Dial 100: Manoj Bajpayee’s acting masterclass supported by Neena Gupta and Sakshi Tanwar

Dial 100 hinges on a distraught mother seeking justice but the focus of the camera is squarely on Manoj Bajpayee's face, voice and body language.


Written and directed by Rensil D’Silva, Dial 100 is an intense slow-burner that revolves around a police officer who must pull out the stops to save his family. This is conventional territory for suspense writers who seek to explore the lengths to which a man will go to protect those he loves the most.

Dial 100 hinges on a distraught mother seeking justice but the focus of the camera is squarely on Manoj Bajpayee’s face, voice and body language. The lead actor is in impeccable form. He lends the film an edge that serves to a great extent to offset the drawbacks of the screenplay.

Much of the early part of Dial 100 plays out in the form of phone conversations between Nikhil, who heads the Mumbai Police emergency control room, and a mysterious woman who has made a distress call to reveal to the cop – she asks for him by name to the latter’s bafflement – that she has made up her mind to end her life.

The emphasis of Dial 100 isn’t so much on the physical action that ensues as on the mind games that Seema plays with Nikhil. So, there aren’t too many explosive moments in the film. The atmospherics contribute their bit to creating the ambience that the showdown needs.

Dial 100, produced by Sony Pictures Films India and streaming on Zee5, is visually monotonous but that definitely isn’t because cinematographer Anuj Rakesh Dhawan isn’t at his best. The opening sequence in which Nikhil drives to work through a monsoon downpour evokes a sense of what is to come.

The interiors of the Emergency Response and Surveillance Control and Command Centre, Nikhil’s workplace, are filmed in a way that conveys the drudgery of the surveillance work that the cops do. But when the action shifts beyond the confines of the policeman’s workspace, Dial 100, in terms of the compositions, ceases to be as arresting as its initial passages.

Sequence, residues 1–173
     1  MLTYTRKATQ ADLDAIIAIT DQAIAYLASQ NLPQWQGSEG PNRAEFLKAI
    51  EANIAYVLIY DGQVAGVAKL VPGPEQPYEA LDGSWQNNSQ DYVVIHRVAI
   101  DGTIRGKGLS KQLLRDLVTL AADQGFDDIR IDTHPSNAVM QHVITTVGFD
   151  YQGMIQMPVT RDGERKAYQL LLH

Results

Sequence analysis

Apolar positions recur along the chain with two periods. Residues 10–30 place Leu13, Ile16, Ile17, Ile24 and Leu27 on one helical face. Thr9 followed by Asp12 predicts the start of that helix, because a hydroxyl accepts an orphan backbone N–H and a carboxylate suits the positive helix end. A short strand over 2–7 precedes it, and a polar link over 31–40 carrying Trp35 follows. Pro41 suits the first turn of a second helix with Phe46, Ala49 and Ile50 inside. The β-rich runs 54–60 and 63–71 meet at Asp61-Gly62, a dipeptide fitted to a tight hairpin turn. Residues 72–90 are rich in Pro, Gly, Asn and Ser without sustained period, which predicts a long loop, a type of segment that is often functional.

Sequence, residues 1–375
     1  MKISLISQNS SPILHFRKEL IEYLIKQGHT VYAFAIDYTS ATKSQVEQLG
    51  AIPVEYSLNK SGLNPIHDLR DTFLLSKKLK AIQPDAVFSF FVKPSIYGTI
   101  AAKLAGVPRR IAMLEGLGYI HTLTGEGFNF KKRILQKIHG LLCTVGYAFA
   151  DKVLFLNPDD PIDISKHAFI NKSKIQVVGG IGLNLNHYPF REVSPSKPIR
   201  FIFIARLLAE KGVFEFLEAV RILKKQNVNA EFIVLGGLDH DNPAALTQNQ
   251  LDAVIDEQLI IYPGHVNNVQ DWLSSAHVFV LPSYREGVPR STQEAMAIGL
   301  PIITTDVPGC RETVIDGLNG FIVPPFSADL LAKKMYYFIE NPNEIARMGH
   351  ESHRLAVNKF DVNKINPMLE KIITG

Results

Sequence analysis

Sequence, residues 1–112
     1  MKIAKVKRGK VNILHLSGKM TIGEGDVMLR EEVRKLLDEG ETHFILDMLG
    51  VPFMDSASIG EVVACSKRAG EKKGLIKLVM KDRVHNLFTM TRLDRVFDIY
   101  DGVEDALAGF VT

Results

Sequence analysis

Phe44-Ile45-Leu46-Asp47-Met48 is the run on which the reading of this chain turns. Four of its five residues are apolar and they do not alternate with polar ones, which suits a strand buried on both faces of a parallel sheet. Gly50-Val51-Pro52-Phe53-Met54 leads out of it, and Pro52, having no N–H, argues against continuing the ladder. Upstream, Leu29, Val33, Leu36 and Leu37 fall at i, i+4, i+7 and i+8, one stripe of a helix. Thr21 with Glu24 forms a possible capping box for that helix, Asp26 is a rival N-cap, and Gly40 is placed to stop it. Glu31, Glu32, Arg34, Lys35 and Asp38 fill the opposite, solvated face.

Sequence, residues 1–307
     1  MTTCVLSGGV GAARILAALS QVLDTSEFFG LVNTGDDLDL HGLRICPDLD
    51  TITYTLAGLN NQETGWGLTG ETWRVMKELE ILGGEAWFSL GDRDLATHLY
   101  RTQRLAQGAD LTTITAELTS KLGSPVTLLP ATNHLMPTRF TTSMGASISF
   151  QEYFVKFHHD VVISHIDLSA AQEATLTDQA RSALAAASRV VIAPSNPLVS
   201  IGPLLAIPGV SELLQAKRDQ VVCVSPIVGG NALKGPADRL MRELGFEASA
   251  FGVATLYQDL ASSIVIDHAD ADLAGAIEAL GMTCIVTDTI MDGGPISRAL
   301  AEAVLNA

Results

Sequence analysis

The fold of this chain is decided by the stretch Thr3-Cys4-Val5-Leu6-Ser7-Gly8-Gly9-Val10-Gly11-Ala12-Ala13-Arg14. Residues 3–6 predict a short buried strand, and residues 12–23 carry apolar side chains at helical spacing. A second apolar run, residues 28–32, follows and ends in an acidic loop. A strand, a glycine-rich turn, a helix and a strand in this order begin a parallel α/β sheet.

The film is, however, crisply edited by Asif Ali Shaikh, which ensures that it has a certain degree of momentum even when it slips into what resembles an auto-pilot mode.

Dial 100 is watchable because of the kind of Manoj Bajpayee acting masterclass that no longer catches us by surprise so accustomed are we to it. He is ably supported by his two key co-actors, Neena Gupta and Sakshi Tanwar, who play two distressed mothers whose paths cross in circumstances that lead to the ill-fated encounter at the heart of the film.

Also in the cast is Nandu Madhav, who makes an impression playing a character relegated to insignificance for the most part. However, in the only scene in which the spotlight shifts ever so slightly towards him, he makes every moment count.

Dial 100 is steady without being spectacular. The moments that work – need we say that they are all propelled principally by Bajpayee’s presence – are good enough to make amends for the ones that don’t.- By Saibal Chatterjee, NDTV


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